After 16 months, Watts collected enough evidence to determine who was on the bridge that night and who wasn't. He leaned on one of the men, who finally broke and told him who was responsible for Charlene Harvey's death.
Watts wasn't surprised to learn that the man had been in and out of trouble his entire life. He had nine convictions for crimes ranging from drug possession and auto theft to burglary. But Watts was shocked to learn that he couldn't touch him. The man, now 29, was 14 at the time; state law prevents authorities from charging and prosecuting adults for crimes they committed while they were juveniles. Recent changes in the state penal code now allow youths as young as 14 to be certified as adults in certain first-degree felony cases. But those changes came too late for the relatives of Charlene Harvey.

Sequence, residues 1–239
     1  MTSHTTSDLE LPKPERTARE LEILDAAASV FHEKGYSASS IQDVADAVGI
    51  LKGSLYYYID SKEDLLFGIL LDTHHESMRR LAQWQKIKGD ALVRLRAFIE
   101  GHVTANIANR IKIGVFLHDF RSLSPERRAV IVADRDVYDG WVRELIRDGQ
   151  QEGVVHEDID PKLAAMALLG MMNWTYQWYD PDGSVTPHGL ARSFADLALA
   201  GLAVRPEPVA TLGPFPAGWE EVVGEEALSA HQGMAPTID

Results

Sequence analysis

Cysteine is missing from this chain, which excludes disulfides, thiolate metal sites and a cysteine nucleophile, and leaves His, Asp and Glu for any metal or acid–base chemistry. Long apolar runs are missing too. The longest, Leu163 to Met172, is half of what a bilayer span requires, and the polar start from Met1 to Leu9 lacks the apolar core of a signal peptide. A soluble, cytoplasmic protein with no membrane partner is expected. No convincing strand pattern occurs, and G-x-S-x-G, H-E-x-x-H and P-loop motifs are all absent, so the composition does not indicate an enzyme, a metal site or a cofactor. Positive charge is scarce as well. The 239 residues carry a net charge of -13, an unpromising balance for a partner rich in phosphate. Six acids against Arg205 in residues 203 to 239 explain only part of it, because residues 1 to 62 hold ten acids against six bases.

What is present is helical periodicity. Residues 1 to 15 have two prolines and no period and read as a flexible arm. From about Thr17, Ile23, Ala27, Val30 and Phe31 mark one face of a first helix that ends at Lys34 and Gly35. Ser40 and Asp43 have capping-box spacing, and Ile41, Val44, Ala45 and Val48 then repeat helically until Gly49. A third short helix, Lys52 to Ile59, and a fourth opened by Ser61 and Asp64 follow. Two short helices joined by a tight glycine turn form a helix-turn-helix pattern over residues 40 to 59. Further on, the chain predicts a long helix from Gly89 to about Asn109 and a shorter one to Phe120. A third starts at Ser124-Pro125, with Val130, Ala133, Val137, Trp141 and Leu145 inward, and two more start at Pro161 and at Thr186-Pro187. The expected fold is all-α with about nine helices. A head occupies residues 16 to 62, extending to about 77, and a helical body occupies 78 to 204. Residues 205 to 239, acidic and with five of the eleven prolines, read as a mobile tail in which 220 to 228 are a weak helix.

"It left me numb," Watts says. "The hardest part was telling the family, 'We know who killed your loved one, but there is nothing we can do to him.' They didn't know what to say, they were so taken aback."
Watts decided to pay the suspect a little visit. He found him sitting in the Lew Sterrett Justice Center on a parole violation. "He had a horrible attitude," Watts says. "When I told him we knew what he had done, but there was nothing we could do to him, he said, 'That's good for me and bad for you.' There is some comfort in knowing he was on his way back to the pen. And with his track record, he'll be in it more often than not."
By most measures, the Lovejoy family should have been deeply grateful to the Dallas police when they found the man who murdered Eddie Lovejoy, a father, husband, and wannabe country and western star. But in the end, the resolution of the 34-year-old case raised more questions for the Lovejoys than it answered.